Fiddle me this: Woodbury man gets big surprise on 100th birthday (W/VIDEO)
Lloyd Johnson spends his Wednesday afternoons shooting pool with friends.
He broke from the routine this week and got the surprise of a lifetime – not an easy task, considering he spent the afternoon celebrating his 100th birthday.
During the event, Johnson – a longtime fiddler – was visited by celebrated Minnesota violinist Peter Ostroushko. Staff at Stonecrest Senior Living invited Ostroushko to the event after Renee Vaughan learned that playing alongside the “A Prairie Home Companion” regular was a dream of Johnson’s.
When that dream came true Wednesday, Johnson called it “wonderful.”
“I can’t believe it,” he said. “Pinch me.”
Johnson has long been an Ostroushko fan and met him nine years ago in St. Paul. Ever since, Johnson has kept a photo picturing him and Ostroushko on his bedroom wall.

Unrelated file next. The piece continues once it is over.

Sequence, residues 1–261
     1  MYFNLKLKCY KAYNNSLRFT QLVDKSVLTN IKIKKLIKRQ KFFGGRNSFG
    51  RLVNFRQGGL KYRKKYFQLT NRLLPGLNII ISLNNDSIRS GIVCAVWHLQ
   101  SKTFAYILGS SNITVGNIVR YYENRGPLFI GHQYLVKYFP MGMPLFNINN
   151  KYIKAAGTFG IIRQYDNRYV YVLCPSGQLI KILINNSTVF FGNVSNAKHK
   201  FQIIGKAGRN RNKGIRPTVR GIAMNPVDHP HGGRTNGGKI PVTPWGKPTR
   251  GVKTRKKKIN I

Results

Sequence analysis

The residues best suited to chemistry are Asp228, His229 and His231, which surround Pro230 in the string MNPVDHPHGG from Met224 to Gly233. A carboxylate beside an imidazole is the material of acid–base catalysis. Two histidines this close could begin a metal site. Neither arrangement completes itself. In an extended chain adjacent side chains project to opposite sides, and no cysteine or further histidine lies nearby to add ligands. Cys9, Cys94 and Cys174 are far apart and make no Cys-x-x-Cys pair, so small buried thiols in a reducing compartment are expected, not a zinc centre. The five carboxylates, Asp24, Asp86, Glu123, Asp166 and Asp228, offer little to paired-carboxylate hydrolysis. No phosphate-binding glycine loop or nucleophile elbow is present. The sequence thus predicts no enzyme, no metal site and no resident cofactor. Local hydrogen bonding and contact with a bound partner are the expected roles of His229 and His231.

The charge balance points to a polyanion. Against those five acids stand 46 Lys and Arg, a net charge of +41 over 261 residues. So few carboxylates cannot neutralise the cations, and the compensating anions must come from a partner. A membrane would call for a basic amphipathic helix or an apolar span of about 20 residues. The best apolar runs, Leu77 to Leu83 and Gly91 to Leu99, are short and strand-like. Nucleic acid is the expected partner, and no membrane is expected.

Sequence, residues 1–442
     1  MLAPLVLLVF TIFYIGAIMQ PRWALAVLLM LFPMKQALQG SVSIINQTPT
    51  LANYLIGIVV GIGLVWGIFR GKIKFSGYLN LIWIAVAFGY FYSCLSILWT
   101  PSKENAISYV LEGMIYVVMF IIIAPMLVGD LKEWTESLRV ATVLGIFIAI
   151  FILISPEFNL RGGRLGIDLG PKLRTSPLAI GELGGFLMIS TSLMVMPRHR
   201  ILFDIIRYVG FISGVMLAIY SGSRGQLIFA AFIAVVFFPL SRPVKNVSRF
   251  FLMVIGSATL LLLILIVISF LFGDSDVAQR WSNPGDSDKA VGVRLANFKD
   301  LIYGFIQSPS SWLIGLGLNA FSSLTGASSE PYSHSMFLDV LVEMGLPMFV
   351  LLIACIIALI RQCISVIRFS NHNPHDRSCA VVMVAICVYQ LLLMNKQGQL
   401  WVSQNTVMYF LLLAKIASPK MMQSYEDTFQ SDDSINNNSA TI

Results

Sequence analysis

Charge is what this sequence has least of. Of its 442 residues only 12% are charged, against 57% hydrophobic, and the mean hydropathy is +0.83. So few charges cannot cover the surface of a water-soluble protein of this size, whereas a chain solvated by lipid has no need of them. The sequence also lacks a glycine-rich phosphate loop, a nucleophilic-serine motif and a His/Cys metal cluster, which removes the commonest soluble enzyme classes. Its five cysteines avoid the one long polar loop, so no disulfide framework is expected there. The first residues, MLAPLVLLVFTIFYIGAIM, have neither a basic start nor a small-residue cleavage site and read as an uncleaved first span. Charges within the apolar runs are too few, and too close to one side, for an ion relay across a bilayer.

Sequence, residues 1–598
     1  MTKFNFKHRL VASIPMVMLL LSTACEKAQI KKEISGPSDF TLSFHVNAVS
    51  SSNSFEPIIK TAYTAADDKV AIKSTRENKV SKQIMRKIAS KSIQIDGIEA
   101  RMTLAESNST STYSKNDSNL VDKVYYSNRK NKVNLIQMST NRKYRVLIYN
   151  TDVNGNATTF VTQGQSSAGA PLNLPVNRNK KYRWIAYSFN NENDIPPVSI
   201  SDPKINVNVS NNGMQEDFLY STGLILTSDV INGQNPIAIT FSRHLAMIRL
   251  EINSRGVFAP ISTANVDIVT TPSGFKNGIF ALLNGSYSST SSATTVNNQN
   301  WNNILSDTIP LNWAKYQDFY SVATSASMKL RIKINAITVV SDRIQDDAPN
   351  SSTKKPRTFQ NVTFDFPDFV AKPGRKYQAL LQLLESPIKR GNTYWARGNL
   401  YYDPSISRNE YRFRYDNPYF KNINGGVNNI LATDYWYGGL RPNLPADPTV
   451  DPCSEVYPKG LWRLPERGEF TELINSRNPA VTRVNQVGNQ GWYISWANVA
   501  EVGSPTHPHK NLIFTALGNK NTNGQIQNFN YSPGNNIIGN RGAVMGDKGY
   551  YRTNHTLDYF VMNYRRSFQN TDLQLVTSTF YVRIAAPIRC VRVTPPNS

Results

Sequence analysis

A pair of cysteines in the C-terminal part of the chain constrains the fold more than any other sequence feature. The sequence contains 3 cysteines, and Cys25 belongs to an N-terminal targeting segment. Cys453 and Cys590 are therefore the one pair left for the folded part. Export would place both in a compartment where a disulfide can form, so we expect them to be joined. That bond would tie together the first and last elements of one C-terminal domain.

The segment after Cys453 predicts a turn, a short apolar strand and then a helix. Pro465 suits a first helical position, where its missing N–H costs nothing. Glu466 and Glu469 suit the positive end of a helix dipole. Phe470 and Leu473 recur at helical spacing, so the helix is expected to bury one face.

“I’ve never been so honored in all my life,” Johnson said after playing with Ostroushko.
The appearance occurred just as Johnson was about to perform songs during his 100th birthday party. Vaughan appealed to the crowd, claiming the group’s backup fiddler wasn’t able to make it.
“If there’s anybody out there that knows how to play fiddle and that might be able to give us a hand, it would be greatly appreciated,” she said.
Johnson flashed a wide grin as Ostroushko, who has performed with Minnesota Orchestra and the St. Paul Chamber Orchestra – as well as Bob Dylan, Willie Nelson and Emmylou Harris – stepped to the stage. He then joined in on several songs with Johnson and the band, which included Johnson’s wife Maxine on piano and vocals.
The surprise on Johnson’s face was genuine.
“I can’t believe it,” he said afterward. “You could knock me over with a shovel.”
Ostroushko said he received an invitation to play at the event through Vaughan and Johnson’s son Joey Johnson. When Johnson was described to Ostroushko, the violinist immediately remembered meeting him years ago in in St. Paul.
Attending the event, he said, took no convincing.
“It’s a rare moment that you get to celebrate someone else’s existence in such a way,” Ostroushko said.
See the Dec. 11 Woodbury Bulletin for more on Johnson's 100th birthday event.